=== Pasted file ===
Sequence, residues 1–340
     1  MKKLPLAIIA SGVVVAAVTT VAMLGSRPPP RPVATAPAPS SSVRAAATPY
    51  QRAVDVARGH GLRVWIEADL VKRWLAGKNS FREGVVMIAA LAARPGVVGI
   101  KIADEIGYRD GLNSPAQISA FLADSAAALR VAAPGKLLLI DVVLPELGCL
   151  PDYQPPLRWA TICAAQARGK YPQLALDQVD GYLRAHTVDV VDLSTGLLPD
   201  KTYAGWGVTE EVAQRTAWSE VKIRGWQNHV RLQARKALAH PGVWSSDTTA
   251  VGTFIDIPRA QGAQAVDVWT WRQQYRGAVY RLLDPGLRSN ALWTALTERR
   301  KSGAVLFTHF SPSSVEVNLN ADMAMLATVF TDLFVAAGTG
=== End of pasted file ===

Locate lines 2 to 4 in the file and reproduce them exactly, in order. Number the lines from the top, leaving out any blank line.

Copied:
     1  MKKLPLAIIA SGVVVAAVTT VAMLGSRPPP RPVATAPAPS SSVRAAATPY
    51  QRAVDVARGH GLRVWIEADL VKRWLAGKNS FREGVVMIAA LAARPGVVGI
   101  KIADEIGYRD GLNSPAQISA FLADSAAALR VAAPGKLLLI DVVLPELGCL